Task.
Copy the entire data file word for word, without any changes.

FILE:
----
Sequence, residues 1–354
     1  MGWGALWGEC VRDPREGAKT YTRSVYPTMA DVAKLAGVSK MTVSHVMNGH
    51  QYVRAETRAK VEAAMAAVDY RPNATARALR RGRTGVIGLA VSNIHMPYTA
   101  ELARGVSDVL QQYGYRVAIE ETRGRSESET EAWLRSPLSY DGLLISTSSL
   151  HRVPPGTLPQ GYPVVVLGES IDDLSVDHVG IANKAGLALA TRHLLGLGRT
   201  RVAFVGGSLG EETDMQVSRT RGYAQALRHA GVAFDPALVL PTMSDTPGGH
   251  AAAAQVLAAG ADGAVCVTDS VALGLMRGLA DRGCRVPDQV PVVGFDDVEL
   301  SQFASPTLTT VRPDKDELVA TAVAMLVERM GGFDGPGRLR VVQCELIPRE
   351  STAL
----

Sequence, residues 1–354
     1  MGWGALWGEC VRDPREGAKT YTRSVYPTMA DVAKLAGVSK MTVSHVMNGH
    51  QYVRAETRAK VEAAMAAVDY RPNATARALR RGRTGVIGLA VSNIHMPYTA
   101  ELARGVSDVL QQYGYRVAIE ETRGRSESET EAWLRSPLSY DGLLISTSSL
   151  HRVPPGTLPQ GYPVVVLGES IDDLSVDHVG IANKAGLALA TRHLLGLGRT
   201  RVAFVGGSLG EETDMQVSRT RGYAQALRHA GVAFDPALVL PTMSDTPGGH
   251  AAAAQVLAAG ADGAVCVTDS VALGLMRGLA DRGCRVPDQV PVVGFDDVEL
   301  SQFASPTLTT VRPDKDELVA TAVAMLVERM GGFDGPGRLR VVQCELIPRE
   351  STAL